Bernhard Thuersam, www.Circa1865.com

 

Wilson Lacked Edmund Burke’s Prudence

“Wilson did what he could to establish a better order among nations. His principles were confused, the times moved too fast for him (particularly in the ruins of the Austro-Hungarian system), and he proved far too thoroughly convinced of his own wisdom, too unyielding, to achieve anything which might endure.

Yet the errors into which he fell were not the errors of conservative policy; they were the errors of liberalism; they were the sort of errors which Gladstone made in diplomacy. The climate of 1918 and 1919 was liberal, and it is hard to say who might have done better in Wilson’s place. His failure was the failure of the nation’s political imagination in those years, a normative failure.

Certain liberal abstractions concerning the nature of political order and the nature of man lay behind Wilson’s doctrine of self-determination, behind his assumption that leagues of nations and paper constitutions and treaties might of themselves bring peace and contentment, behind his insistence upon fitting the map of Europe into his ideal design.

He had learned much from the Federalists and Burke; but he had not learned prudence, which Burke considered the highest virtue in a statesman. That aspect of Burke’s thought which defends prescription and prejudice, which perceives how dangerous it is to disturb anything that is at rest, which is prepared to tolerate an old evil lest the cure prove worse than the disease, he understood imperfectly.

Burke . . . never would have thought of approving a doctrinaire and wholesale shifting of boundaries, a vast abolition of governments and substitution of new ones, an overthrow of historical and natural groupings in favor of simple language-affinity. Burke would have perceived at once the consequence of abolishing the power which held together the heart of Europe and checked German and Russian ambition, the Austrian system.

To the conservative of Burke’s school, the world is at best a tolerable place, kept in order chiefly through respect for custom and precedent. It may be patched and pruned here and there; but the nature of man remains flawed, ambition always aspires to domination, and states are kept at peace only by a balancing of power, a recognition of the traditions of civility, and a concern for real interests. Parchment and declarations of the rights of man cannot restrain private or national concupiscence.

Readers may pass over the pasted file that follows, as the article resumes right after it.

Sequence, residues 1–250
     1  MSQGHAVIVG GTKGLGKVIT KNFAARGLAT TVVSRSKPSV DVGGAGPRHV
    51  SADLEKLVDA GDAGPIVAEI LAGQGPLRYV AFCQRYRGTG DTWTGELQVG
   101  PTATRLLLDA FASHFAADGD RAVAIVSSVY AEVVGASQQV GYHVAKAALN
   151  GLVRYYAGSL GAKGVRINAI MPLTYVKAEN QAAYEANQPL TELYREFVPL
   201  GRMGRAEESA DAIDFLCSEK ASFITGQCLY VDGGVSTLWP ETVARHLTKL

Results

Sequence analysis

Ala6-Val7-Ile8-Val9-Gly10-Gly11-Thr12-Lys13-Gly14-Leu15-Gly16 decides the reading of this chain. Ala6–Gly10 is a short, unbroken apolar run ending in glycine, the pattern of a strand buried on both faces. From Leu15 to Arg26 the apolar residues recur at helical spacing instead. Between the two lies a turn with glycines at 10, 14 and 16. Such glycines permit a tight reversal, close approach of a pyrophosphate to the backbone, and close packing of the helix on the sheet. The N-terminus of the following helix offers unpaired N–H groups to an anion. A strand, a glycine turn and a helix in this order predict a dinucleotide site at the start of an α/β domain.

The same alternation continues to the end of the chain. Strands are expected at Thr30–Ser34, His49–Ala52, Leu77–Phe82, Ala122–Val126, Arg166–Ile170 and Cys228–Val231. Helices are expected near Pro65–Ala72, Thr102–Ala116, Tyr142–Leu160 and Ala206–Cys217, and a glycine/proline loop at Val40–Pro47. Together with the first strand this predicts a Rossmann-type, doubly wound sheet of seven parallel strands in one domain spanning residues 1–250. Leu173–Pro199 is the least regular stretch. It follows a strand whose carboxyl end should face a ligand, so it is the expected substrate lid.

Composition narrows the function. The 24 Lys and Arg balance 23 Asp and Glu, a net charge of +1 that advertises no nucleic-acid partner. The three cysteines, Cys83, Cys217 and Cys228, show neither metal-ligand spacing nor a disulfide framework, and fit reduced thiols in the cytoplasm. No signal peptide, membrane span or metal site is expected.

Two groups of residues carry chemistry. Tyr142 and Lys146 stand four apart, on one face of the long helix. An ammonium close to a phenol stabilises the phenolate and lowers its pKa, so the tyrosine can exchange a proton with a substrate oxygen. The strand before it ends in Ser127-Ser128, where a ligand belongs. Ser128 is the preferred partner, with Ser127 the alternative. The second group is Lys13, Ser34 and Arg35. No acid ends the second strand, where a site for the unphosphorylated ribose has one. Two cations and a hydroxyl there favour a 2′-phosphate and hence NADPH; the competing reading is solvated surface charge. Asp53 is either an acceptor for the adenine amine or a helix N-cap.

To the liberal, on the other hand, the world is infinitely improvable, and so is man himself; experiment and emancipation will lead to peace; and what ought to be, shall be. So Wilson thought and acted through the War and the making of the Peace.

The idea that power may be checked only by countervailing power always has been distasteful to the liberal. Wilson’s concept of self-determination, his championship of the League, and much of the rest of his program reflected that distaste. A vague confidence in Progress, Equality and the People overcame the cautionary precepts of Burke and the Federalists.

“You are a Liberal,” the Duke of Omnium says to Phineas Finn, in one of Trollope’s parliamentary novels, “because you know that it is not all as it ought to be; and because you would still march on to some nearer approach to equality; though the thing itself is so great, so glorious, so god-like, — nay, so absolutely divine, — that you have been disgusted by the very promise of it, because its perfection is unattainable.”

Trollope knew his Liberals. This yearning to march on toward some future universal condition of democracy and equality got the better of Wilson, when authority was his. Despite his earlier declarations that the American Republic – though a model for other states – could not be transplanted, he called upon America to make the world safe for democracy; and this same liberal universalism marked his arguments in the shaping of the evanescent Peace.”

(The Essential Russell Kirk: Selected Essays; George A. Panichas, editor, ISI Books, 2007, excerpts, pp. 507-509)

The Old Lady of Broad Street Versus FDR

By 1936, Franklin Roosevelt’s Democrat Party had become a virtual duplicate of the Communist Party USA with a near-identical platform, and supported by communist labor and black voting blocs. The old Southern Democratic traditions were thrust aside and the seeds of the “Dixiecrat” party were sown as FDR used his power to unseat opponents. Charleston editor William Watts Ball rose to the occasion.

Bernhard Thuersam, www.Circa1865.com

 

The Old Lady of Broad Street Versus FDR